BACK TO PAUL AND THE OLD DAYS in the interests of local history. He outranked the Torka Brothers, who arrived on the scene before War I, commercialized their work heavily via picture …
BACK TO PAUL AND THE OLD DAYS in the interests of local history. He outranked the Torka Brothers, who arrived on the scene before War I, commercialized their work heavily via picture postcards—but being German, moved on as the town’s Fort Worden achieved prominence and the U.S. moved into the war. Paul was my neighbor, about two doors away, on Morgan Hill back around World War II. He continued working from his home during his retirement years. I mention all this because as a long-time photographer and lifetime collector/publisher of local history, I’ve seen a large assortment of photos of and within Fort Worden—and this one by Paul is one of the best. Looking south past barracks, over part of officers’ row, at Morgan Hill and the point that is sort of a juncture of Admiralty Inlet and Port Townsend Bay.
The wonder of its day in the photographic world 109 years ago was a 1910 baseball photo taken by Richardson with his antiquated equipment. It was said to have been the first-ever stop-action photo of its type ever taken. Copyrighted and titled “Caught Off Third.” it was displayed in poster form throughout the country. The ball was pictured just short of the glove of Frank “Rah Rah” Revello, third baseman of the Port Townsend Colts semi-pro team, who was about to tag the runner. If you have my second volume of Port Townsend history, it is on page 445. (I also knew Frank well back in the ‘60s; he was another of my links to olden times.)
Jan’s family, the Klockers, also have been near neighbors of mine, here Uptown, about a block away, for 50+ years. Her father Walt died Feb. 10, 2018, at age 98. Walt, incidentally, also pursued baseball zealously during much of his life, but playing opportunities were sporadic. He is pictured in my same book of history as an “old-timer” in a 1953 game at Memorial Field (page 439).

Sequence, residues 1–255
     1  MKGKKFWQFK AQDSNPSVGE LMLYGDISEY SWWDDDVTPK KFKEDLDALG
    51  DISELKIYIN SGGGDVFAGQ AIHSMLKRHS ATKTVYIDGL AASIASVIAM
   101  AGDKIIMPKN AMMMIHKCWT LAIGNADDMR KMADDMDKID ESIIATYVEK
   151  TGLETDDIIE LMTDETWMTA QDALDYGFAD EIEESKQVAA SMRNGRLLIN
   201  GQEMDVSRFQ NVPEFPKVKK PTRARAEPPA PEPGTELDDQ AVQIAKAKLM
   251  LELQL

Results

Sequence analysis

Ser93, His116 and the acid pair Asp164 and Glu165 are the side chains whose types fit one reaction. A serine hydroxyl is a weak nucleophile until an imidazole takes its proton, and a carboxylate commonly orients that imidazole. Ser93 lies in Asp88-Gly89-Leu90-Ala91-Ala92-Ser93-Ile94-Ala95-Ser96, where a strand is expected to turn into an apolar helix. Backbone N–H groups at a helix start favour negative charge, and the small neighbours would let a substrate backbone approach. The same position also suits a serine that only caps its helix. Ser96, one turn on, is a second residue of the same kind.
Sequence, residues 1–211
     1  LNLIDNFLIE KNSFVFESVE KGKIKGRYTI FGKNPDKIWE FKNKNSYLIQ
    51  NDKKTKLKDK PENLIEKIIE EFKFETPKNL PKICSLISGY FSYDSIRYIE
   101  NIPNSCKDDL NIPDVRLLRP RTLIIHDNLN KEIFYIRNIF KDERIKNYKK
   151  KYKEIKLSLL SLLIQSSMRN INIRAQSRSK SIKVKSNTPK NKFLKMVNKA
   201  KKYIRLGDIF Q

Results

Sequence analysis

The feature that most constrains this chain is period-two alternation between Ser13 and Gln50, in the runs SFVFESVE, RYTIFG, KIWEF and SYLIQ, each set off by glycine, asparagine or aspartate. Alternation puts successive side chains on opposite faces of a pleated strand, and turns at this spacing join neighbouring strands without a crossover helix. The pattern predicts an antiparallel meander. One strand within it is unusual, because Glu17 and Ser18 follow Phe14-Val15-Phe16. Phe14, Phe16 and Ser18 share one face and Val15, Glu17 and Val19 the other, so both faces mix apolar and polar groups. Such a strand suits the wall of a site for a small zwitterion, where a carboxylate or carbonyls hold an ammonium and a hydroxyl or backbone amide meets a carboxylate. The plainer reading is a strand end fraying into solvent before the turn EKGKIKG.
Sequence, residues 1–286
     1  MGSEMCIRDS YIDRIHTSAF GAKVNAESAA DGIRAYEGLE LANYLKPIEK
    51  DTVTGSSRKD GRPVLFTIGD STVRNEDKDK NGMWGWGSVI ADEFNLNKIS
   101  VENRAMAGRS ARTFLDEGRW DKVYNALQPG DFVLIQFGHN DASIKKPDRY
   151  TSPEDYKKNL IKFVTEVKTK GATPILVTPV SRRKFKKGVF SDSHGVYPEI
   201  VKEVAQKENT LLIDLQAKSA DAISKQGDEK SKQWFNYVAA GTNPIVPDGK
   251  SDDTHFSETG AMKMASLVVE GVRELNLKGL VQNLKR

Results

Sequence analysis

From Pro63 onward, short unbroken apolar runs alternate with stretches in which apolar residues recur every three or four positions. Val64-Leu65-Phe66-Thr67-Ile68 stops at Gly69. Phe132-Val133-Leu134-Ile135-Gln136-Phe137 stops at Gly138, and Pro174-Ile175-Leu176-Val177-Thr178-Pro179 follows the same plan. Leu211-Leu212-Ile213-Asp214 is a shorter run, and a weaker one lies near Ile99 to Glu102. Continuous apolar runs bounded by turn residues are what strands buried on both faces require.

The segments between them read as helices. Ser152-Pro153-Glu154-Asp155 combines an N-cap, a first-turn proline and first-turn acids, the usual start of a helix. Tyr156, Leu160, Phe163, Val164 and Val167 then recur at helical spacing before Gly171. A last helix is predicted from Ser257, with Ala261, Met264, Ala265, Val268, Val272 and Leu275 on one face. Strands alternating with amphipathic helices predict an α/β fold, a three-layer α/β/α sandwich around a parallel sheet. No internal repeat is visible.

Prior to Richardson’s beginning in the early 1900s was professional photographer James M. McMurry, who was on the scene at least by the mid-1880s and whose work illustrated the local community on into the ‘90s. James G. McCurdy, local historian/author, also began adding illustrations to the scene about 1900, along with a photographer named Wilcox. The earliest photo I have of Port Townsend (in the mid-1860s) is by an unidentified photographer.
A few other professionals flashed on and off the scene over the early years, but not much of their work remains to give them any historical prominence. Today, cell phones make everyone a photographer of sorts, but few have the artistic touch, and little of what they record applies to the main line of local history.
There have been a number of local photographers of repute around town during my lifetime. During my early Leader years there was John Kreidler, a semi-retired old-school type from whom I learned a lot. His studio was across from that of George McCleary on downtown Taylor Street. George left town some time before I rejoined the Leader in 1954 and was replaced by Burdette Redding (whose photographic right-hand man was Claude Pray). Burdette was the town’s leading photographer for many years. Hugh and Helen Swearingen also operated a studio of sorts out of their home and did some finishing work for the Leader along about the late ‘60s. Worthy of note through some of my later Leader years was George Leinonen, a top-notch free-lance professional who worked some with me, largely on the sports side.
I was shooting action shots of the Fort Worden football team down at old Flint Field below Lincoln School around 1942, on my mother’s old Kodak roll-film “Brownie” camera. No purpose other than the challenge.
I became a press photographer and donned various other hats at the,Leader in 1954. My camera was a bulky old Speed Graphic of the type seen in use during movies depicting the 1920s—complete with the big flash-bulb unit. It was armed with a container of two sheets of 4- x 5-inch film.
Pull a slide, estimate field of focus, shoot . . . replace slide, reverse container, pull slide—shoot again if the subject is still in the neighborhood. That’s how things went for some 14 years, until I was provided a roll-film camera with an electronic flash. For production efficiency I soon assumed the darkroom work that actually pushed the captured scenes onto the printed page. You’ll find my work, without bylines, in Leader files from 1954 into the 1980s.